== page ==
Last modified: November 9, 2017
While Ionic apps are web based, they are still run through native platforms. You can distribute Ionic apps on respective app stores as native apps.
Ionic 2 is based on Angular 2, a complete rewrite of the original Angular framework. Angular 2 uses TypeScript. For more on Angular 2, check out Time for Angular 2?.
While React Native generates native components, Ionic generates web pages that only mimic native behavior. This means Ionic is more portable since the same web based code runs / renders consistently across different platforms. With React Native, components must be written specifically for the platforms they will run on. Although cross-platform design consistencies make this easier than it seems, React Native can't boast the "write once, use everywhere" mantra that Ionic can.
Ionic's portability advantage has it's trade offs. Since Ionic's hybrid apps are essentially websites running in native webviews, performance is slower than natively built components. Since React Native ultimately renders native components, it will generally run faster than Ionic apps. Despite the performance advantage, React Native still requires the developer to be concerned with platform specific behavior, whereas Ionic addresses this automatically.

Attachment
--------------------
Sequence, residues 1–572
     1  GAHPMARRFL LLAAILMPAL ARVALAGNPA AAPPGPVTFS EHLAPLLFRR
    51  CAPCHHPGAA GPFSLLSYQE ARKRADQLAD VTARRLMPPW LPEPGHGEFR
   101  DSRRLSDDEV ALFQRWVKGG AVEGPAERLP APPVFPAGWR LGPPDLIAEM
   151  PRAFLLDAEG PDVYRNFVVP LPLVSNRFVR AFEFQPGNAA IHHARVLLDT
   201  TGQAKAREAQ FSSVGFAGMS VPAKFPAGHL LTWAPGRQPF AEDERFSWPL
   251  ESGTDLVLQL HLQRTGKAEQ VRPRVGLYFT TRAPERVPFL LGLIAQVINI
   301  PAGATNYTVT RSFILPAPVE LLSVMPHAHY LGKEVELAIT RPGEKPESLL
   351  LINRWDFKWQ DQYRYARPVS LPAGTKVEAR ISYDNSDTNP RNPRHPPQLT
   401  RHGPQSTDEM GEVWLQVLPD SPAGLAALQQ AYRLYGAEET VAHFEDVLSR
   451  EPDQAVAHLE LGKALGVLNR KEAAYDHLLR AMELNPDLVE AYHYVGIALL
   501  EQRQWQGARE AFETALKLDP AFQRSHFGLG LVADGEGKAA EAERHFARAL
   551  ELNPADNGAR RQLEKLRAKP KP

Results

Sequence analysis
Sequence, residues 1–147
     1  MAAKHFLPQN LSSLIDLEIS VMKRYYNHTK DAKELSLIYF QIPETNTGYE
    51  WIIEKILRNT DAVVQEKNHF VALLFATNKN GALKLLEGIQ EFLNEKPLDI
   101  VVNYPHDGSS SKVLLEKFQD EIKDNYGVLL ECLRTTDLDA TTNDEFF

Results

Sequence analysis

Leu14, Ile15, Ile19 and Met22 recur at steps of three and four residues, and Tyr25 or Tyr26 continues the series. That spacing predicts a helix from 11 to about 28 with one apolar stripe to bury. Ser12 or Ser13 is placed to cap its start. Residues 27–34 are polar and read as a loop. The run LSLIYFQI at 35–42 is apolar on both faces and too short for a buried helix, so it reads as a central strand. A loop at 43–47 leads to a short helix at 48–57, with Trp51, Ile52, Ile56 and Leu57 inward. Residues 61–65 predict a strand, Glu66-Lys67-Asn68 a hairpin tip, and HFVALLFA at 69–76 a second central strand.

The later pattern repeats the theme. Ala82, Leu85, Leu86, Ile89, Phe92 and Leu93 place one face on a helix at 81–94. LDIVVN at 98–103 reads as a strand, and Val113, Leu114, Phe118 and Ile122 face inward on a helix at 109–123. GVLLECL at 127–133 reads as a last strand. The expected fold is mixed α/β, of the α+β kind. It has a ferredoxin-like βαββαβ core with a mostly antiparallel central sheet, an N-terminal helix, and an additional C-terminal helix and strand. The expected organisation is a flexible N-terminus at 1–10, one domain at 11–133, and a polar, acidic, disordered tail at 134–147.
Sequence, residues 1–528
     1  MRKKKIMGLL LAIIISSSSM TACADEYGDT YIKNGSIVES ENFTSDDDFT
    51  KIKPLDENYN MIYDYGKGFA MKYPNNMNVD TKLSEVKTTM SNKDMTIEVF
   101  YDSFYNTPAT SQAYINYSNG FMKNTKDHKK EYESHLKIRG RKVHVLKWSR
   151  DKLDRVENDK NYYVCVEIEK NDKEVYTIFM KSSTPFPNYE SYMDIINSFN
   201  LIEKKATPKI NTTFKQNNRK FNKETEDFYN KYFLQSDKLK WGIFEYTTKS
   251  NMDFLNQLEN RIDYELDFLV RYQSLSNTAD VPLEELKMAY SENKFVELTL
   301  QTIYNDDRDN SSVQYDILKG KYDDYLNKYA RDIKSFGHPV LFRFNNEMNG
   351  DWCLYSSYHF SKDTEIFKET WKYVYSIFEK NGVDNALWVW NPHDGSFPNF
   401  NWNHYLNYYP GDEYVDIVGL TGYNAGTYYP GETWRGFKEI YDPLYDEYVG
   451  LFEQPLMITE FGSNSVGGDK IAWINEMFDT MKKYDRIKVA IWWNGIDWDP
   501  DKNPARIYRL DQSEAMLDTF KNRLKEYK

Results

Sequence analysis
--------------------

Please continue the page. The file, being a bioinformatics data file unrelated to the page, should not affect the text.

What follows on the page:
Another key difference between React Native and Ionic is the frameworks themselves. Based on the Angular framework, Ionic implements an MVC approach to building components. This is drastically different from React Native which relies on JSX to create components. JSX blends business logic with presentation whereas MVC makes a clear distinction between the two. While Ionic follows a more traditional design pattern (MVC) it's not without it's own learning curve (especially with Ionic 2 being based on TypeScript).
Both React Native and Ionic have strong communities backing them, and for good reason. Both ultimately rely on connectors or bridging code. While Ionic leans on PhoneGap/Cordova for native feature support, React Native requires bridging components to access them as well. Remember that not all components available on native platforms have the equivalent bridges built out yet, a remaining key strength of native app development.
At the end of the day, both frameworks can be used to achieve similar results. Ionic gives you a web based hybrid solution but is ultimately more portable than React Native which relies on an understanding of platform specific behavior. Use Ionic if your team is web or Angular based. Use React Native if you have seasoned ReactJS developers on hand.
It's also crucial to understand what you want your app to do before making a decision to use Ionic or React Native. For example, if your app will largely be read only, then Ionic may provide a quick way to generate browser based hybrid apps. If your app will rely heavily on native features, then choosing React Native may be better for it's native component rendering.